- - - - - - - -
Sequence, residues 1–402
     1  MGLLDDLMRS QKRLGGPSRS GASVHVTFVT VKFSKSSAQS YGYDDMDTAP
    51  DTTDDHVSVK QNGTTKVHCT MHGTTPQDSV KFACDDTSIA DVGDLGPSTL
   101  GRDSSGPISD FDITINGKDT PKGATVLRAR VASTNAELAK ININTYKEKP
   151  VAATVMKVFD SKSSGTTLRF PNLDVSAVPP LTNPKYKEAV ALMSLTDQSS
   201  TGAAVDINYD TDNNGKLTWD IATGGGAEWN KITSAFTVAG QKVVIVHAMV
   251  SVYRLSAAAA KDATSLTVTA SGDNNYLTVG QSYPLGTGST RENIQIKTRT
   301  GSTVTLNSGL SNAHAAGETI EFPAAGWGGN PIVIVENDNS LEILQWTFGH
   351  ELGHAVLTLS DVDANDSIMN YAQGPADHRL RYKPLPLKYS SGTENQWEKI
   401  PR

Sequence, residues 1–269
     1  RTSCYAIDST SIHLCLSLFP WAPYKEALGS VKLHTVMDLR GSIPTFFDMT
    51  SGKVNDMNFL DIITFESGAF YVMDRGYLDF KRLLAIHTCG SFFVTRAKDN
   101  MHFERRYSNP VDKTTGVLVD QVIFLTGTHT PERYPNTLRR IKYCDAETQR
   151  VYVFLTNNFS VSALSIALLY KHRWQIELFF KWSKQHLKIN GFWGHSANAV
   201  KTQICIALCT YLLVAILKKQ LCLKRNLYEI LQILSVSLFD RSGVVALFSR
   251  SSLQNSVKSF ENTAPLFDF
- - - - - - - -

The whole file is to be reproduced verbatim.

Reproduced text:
Sequence, residues 1–402
     1  MGLLDDLMRS QKRLGGPSRS GASVHVTFVT VKFSKSSAQS YGYDDMDTAP
    51  DTTDDHVSVK QNGTTKVHCT MHGTTPQDSV KFACDDTSIA DVGDLGPSTL
   101  GRDSSGPISD FDITINGKDT PKGATVLRAR VASTNAELAK ININTYKEKP
   151  VAATVMKVFD SKSSGTTLRF PNLDVSAVPP LTNPKYKEAV ALMSLTDQSS
   201  TGAAVDINYD TDNNGKLTWD IATGGGAEWN KITSAFTVAG QKVVIVHAMV
   251  SVYRLSAAAA KDATSLTVTA SGDNNYLTVG QSYPLGTGST RENIQIKTRT
   301  GSTVTLNSGL SNAHAAGETI EFPAAGWGGN PIVIVENDNS LEILQWTFGH
   351  ELGHAVLTLS DVDANDSIMN YAQGPADHRL RYKPLPLKYS SGTENQWEKI
   401  PR

Sequence, residues 1–269
     1  RTSCYAIDST SIHLCLSLFP WAPYKEALGS VKLHTVMDLR GSIPTFFDMT
    51  SGKVNDMNFL DIITFESGAF YVMDRGYLDF KRLLAIHTCG SFFVTRAKDN
   101  MHFERRYSNP VDKTTGVLVD QVIFLTGTHT PERYPNTLRR IKYCDAETQR
   151  VYVFLTNNFS VSALSIALLY KHRWQIELFF KWSKQHLKIN GFWGHSANAV
   201  KTQICIALCT YLLVAILKKQ LCLKRNLYEI LQILSVSLFD RSGVVALFSR
   251  SSLQNSVKSF ENTAPLFDF